2. Timex Ironman race trainer ($300) – Timex has been putting stuff on peoples wrists for a long time… and it shows.  The Timex was the only HRM that I could figure out without reading the instructions.  It does not have a GPS or it would be the clear favorite.  It does ask about your personal information so it can tell you how many calories were burned during your workout.  It is not an exact science, but if it tells you 2500 calories were burned during the workout, you know it is time to eat.  A lot!  I like the big numbers on the display and the swap number function.  The chest strap is light and comfortable.  The down side of the Timex is adult children tend to “borrow” the wrist piece to wear as a watch.
  3. Polar F55 ($250) – Is just a bit better than the Timex feature wise but it in not as comfortable or as easy to figure out.  Every now and then I want to know what time it is when I am out for a long workout.  If you bring the HRM close to the chest strap, the time will show for about 5 seconds.  It also has a nice big screen that is easy for us old guys to see.  A big plus for the F55 is that it is forgiving.  It gives you a chance when you push a button to do the right thing.  The screens just make sense.  I don’t know how to work the F55 but it always seems to do what I want it to do.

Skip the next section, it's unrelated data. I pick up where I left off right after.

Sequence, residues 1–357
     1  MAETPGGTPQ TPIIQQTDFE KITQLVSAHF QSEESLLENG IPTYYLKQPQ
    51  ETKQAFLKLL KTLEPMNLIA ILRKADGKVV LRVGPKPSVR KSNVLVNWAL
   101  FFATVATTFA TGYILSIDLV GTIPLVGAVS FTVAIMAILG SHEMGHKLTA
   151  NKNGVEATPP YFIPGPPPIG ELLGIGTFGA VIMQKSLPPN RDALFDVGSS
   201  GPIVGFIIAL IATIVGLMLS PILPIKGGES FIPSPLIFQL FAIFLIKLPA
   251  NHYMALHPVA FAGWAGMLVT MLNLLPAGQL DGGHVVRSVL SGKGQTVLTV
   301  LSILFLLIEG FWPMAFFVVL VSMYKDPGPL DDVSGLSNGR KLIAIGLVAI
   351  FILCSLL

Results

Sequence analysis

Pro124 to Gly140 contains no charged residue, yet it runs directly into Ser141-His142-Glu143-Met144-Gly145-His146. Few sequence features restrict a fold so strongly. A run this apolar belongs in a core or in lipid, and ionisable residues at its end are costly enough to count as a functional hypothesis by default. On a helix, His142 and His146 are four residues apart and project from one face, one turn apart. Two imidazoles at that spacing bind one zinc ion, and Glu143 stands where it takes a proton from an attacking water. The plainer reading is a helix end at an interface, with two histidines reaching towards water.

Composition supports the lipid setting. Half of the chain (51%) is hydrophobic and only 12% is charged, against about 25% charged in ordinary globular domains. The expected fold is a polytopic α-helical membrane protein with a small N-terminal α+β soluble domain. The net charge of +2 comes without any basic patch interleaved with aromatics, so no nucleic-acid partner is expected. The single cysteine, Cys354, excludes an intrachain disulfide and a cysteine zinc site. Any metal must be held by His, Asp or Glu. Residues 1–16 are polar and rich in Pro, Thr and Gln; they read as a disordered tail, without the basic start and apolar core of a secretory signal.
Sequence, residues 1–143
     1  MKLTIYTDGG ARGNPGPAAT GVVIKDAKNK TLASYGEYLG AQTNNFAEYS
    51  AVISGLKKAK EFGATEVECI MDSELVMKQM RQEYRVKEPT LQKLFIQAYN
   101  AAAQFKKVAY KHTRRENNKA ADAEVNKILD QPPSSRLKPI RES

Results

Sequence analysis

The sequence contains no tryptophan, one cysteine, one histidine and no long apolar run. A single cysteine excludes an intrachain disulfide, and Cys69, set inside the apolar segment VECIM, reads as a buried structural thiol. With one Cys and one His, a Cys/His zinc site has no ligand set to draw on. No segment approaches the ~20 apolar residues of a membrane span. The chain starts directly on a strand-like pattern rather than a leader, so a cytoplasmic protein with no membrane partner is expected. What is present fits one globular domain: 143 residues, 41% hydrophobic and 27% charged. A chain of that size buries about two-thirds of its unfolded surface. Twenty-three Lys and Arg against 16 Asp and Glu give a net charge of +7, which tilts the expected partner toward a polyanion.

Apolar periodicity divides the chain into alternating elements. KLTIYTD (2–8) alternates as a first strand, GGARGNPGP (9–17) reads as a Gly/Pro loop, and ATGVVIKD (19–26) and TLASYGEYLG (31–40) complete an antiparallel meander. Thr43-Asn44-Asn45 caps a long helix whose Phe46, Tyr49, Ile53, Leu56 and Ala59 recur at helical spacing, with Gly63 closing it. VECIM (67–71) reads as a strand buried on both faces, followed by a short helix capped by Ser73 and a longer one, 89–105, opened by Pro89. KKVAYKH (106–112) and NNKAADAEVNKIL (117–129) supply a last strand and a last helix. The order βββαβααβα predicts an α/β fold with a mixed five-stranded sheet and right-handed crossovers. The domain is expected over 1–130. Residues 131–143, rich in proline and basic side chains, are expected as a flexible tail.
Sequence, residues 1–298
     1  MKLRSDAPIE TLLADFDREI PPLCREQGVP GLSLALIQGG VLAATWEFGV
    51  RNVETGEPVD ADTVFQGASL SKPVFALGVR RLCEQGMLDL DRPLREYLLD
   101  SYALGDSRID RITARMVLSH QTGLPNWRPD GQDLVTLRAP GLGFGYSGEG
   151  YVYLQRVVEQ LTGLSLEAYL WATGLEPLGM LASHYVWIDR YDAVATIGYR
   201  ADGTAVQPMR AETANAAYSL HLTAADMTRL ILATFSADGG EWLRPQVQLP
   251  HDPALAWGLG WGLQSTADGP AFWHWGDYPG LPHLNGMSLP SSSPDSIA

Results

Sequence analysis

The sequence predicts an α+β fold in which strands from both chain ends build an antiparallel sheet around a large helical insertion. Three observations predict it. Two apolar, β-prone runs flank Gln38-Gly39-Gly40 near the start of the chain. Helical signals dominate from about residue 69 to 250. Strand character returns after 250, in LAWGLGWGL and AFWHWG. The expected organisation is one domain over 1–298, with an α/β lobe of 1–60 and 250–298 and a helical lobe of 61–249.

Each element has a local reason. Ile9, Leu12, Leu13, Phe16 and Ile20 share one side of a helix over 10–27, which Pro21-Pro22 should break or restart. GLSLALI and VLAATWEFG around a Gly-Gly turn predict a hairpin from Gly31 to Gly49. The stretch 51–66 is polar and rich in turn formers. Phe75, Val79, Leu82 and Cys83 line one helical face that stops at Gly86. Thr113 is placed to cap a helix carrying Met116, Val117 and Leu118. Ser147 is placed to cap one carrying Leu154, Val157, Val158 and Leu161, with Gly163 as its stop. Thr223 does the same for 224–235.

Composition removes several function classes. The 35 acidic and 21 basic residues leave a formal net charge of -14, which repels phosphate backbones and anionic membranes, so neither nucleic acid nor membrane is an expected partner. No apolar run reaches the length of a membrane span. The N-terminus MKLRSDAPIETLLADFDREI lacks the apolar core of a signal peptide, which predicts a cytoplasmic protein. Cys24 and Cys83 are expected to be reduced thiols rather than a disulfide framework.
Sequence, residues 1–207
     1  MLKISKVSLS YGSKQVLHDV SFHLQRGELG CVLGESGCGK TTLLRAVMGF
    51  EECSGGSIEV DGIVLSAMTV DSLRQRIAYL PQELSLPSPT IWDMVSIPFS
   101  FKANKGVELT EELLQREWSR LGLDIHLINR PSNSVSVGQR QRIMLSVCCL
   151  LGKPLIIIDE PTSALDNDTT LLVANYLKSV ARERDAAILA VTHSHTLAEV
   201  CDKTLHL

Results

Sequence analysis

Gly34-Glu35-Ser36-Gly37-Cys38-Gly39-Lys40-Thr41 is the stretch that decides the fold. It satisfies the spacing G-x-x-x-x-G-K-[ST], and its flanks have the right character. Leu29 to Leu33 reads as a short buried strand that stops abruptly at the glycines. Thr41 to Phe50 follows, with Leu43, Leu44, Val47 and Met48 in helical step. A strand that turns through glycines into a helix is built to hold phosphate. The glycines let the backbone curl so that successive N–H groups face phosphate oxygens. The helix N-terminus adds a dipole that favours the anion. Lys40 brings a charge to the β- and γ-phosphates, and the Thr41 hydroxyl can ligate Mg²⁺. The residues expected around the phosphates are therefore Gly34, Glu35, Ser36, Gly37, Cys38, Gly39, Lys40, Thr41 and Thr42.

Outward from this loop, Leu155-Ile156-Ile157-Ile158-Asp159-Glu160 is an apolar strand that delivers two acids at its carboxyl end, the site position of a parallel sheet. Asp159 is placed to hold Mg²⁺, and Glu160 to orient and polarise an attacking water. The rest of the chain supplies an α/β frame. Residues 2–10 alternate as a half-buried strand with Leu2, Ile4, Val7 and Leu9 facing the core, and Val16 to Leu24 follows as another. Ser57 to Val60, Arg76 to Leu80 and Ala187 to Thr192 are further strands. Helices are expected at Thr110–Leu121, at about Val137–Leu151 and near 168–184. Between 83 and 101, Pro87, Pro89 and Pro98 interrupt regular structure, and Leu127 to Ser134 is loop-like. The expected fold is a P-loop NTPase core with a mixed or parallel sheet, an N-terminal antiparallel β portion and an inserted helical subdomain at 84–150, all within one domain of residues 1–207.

4. Polar Accurex Plus ($75) – The HRM that I wear the most.  It has very few features and I only use 5 or 6 of them:  heart rate, timer, start, stop, reset and time of day.  There is just something about easy operation that I like.  I don’t want to spend as much time practicing to use a heart rate monitor as I do training to do a marathon.
  5. Polar B1 ($50) – Single button, confusing and simple HRM.  There can be such a thing as too simple.  Fortunately you can only get so confused by one button so once you get the thing started you are good to go.  It is pretty hard to get something to go wrong after you get it started.  It does read your heart rate and duration of work out.  One time I was wearing the thing for a two hour run when it stopped reading my heart rate at 90 minutes (1:30) and started timing.  I was trying to maintain a steady heart rate of 132 when that happened.  I was confused for a couple of minutes.

Number one most hated HRM prize goes to the Garmin 405!  For every reason that I have to love the 405, I have 5 to hate it.  If the thing did not have such a nice GPS, I would have thrown it off the Golden Gate Bridge a long time ago!  The bezel is complicated.  The functions are complicated.  The battery life is poor which is to be expected but when the battery life gets down to about 20%, a low battery warning covers the screen!  The bezel has a mind of its own.  If you bump it, the screen will change and you have to wait and hope it changes back.  The instructions are terrible.  I can go on and on but I will stop to protect my blood pressure and good health.

I stand by my ratings.  The GPS/HRM combo puts the 405 way above the competition.  Items two and three are interchangeable and you won’t go wrong with either selection.  The Accurex wins the bang for the buck award.  The B1 gets a do not buy recommendation from me.